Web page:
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Dungeons & Dragons: Wrath of Ashardalon Board Game» Forums » Rules

Subject: closest hero, adjacent hero rss

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zoltan molnar
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Clarification needed:

what count as closest? A hero standing orthogenically is closer than the diagonal one or they are the same? or any other hero on the tile?



Also when monster moves a tile to the closest hero which is the closest one? The one closest to the new tile's scorchmark? or the closest to the edge?

thx.

 
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Jeff Davis
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mzprox wrote:
Clarification needed:

what count as closest? A hero standing orthogenically is closer than the diagonal one or they are the same? or any other hero on the tile?



Also when monster moves a tile to the closest hero which is the closest one? The one closest to the new tile's scorchmark? or the closest to the edge?

thx.

This is how WE play it - when determining "closest", ignore tiles - simply count squares/spaces (ones you can move on/to) from the monster in question to each hero. The hero that is the fewest squares/spaces away, is the closest. Diagonal and ortho are the same.

- SK
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John Jersey
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sargonkid wrote:
mzprox wrote:
Clarification needed:

what count as closest? A hero standing orthogenically is closer than the diagonal one or they are the same? or any other hero on the tile?



Also when monster moves a tile to the closest hero which is the closest one? The one closest to the new tile's scorchmark? or the closest to the edge?

thx.

This is how WE play it - when determining "closest", ignore tiles - simply count squares/spaces (ones you can move on/to) from the monster in question to each hero. The hero that is the fewest squares/spaces away, is the closest. Diagonal and ortho are the same.

- SK
We play this way too. In a tie, the players get to choose which hero or what makes most sense in the context of the adventure (the bear is definitely going to go after the hero throwing that confounded shield at him, not the one disabling the trapped door that is no immediate threat). When it comes to the D&D dungeon crawlers, we always aim for it to make some sense within the framework of the rules, but we're old school AD&D'ers so that's likely why.
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Jeff Davis
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ZillaGod wrote:

We play this way too. In a tie, the players get to choose which hero or what makes most sense in the context of the adventure (the bear is definitely going to go after the hero throwing that confounded shield at him, not the one disabling the trapped door that is no immediate threat). When it comes to the D&D dungeon crawlers, we always aim for it to make some sense within the framework of the rules, but we're old school AD&D'ers so that's likely why.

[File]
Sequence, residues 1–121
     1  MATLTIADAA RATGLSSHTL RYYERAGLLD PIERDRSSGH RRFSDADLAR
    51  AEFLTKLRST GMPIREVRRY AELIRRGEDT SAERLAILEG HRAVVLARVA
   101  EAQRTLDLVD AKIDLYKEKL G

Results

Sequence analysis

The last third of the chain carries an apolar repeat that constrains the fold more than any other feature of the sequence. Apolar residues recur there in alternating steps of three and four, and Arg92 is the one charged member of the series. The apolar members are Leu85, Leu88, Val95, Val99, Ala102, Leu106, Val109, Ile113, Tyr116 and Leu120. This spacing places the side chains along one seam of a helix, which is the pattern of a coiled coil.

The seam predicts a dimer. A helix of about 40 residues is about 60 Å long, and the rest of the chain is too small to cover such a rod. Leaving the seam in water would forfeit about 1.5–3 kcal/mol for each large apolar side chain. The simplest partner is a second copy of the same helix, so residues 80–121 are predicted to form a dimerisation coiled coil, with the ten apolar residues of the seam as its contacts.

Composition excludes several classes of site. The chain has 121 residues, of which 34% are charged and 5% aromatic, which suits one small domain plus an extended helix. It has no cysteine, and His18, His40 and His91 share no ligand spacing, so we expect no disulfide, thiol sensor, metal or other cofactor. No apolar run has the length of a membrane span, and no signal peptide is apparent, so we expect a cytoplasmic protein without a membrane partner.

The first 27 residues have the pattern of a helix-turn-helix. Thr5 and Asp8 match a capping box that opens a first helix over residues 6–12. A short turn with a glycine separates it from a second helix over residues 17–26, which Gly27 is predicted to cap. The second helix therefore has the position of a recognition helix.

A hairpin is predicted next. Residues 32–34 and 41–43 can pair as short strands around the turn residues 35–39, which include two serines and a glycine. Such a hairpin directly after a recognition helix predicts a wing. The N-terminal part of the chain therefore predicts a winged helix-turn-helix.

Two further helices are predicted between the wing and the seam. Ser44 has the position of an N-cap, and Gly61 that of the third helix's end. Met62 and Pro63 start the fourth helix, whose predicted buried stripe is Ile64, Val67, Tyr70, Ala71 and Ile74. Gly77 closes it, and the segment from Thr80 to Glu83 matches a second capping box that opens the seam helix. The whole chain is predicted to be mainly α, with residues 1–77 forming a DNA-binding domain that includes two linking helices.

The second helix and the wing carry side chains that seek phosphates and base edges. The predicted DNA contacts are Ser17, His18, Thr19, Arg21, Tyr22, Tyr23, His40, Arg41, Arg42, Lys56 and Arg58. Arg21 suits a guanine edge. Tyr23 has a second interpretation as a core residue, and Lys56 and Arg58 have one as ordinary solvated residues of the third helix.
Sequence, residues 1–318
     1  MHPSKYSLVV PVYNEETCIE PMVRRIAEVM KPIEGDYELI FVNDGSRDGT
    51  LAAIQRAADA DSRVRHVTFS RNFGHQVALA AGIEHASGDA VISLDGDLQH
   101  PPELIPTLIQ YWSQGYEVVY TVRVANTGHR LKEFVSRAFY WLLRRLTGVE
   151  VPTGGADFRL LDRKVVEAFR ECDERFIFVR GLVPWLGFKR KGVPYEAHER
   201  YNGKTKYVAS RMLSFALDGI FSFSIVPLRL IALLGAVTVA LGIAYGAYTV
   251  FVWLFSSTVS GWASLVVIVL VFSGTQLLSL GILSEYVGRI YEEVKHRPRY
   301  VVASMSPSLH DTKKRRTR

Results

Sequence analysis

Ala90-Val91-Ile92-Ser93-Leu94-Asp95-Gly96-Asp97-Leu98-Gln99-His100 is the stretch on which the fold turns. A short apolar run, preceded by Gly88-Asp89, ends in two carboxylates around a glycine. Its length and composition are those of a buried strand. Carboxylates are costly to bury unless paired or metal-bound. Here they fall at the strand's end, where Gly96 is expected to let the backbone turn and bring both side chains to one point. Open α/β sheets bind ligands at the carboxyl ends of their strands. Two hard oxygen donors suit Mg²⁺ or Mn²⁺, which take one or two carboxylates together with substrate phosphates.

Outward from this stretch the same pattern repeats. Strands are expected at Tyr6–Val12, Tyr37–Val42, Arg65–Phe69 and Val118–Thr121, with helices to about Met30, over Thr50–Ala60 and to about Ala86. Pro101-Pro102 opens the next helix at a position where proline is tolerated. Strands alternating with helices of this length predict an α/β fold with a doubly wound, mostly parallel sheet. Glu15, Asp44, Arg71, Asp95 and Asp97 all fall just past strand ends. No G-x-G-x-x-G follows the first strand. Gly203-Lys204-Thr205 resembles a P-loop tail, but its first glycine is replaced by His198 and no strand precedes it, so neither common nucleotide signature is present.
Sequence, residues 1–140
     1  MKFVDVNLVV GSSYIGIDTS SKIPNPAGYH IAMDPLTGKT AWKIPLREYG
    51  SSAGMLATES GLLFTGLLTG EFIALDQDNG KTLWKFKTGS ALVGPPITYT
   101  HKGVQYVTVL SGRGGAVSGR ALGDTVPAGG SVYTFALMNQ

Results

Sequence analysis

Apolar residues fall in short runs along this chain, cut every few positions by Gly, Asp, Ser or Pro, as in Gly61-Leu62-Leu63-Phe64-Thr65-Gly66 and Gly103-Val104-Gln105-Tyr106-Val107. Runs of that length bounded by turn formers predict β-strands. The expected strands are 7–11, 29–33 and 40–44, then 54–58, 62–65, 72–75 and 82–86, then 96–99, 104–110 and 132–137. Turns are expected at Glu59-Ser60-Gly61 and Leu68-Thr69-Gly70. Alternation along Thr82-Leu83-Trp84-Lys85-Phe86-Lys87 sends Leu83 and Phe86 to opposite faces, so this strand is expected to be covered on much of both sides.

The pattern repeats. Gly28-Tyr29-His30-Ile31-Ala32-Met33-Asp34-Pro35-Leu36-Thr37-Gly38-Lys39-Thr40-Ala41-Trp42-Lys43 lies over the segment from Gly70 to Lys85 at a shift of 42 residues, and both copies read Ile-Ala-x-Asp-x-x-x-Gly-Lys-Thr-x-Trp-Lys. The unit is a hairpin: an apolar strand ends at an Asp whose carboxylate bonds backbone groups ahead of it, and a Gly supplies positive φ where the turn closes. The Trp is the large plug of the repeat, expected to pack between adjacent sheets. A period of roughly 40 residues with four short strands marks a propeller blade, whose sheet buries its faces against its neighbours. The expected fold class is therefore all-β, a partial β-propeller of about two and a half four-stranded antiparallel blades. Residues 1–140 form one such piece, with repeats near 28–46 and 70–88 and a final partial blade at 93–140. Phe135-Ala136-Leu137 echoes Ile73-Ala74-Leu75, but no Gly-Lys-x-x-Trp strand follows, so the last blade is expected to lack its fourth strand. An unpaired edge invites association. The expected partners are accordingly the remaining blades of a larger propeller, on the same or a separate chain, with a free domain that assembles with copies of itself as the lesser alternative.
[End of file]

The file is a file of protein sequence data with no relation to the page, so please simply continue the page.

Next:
I like your thematic thinking - we play more "woosie" like - that is, if there is a tie, we select the Hero that could handle the most damage. Not very thematic, but it is to our advantage!

- SK
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sargonkid wrote:
I like your thematic thinking - we play more "woosie" like - that is, if there is a tie, we select the Hero that could handle the most damage. Not very thematic, but it is to our advantage!
You're playing according to the rules. The rules say the first player chooses which hero will be attacked if there's a tie in distance.
 
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Bryce K. Nielsen
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The unwritten rule is "When in doubt, the active hero decides."

All you have to do is satisfy the rule at hand. The rule, pick the "closest hero". If there are two heroes equa-distant from each other, pick one, any one, and you have satisfied that rule. Which one you ask? Doesn't matter, so long as the one you picked satisfies the condition (i.e. is the 'closest').

-shnar
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Arto Hietanen
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I personally count tiles first, then squares and if both are tied, then the active hero decides. Using squares first might lead to a situation where the monster is unable to attack the closest (by squares) hero, even if there is a hero within his reach (by tiles).
 
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Jeff Davis
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Bartheus wrote:
I personally count tiles first, then squares and if both are tied, then the active hero decides. Using squares first might lead to a situation where the monster is unable to attack the closest (by squares) hero, even if there is a hero within his reach (by tiles).
In the end, it matters not what method a player uses to settle a tie, only that he does. You could use a D&D 4th Ed Dart Board, a spinning wheel, the Psychic Friends Hot line, hell, you could even use a "Crazy 8-ball".

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Arto Hietanen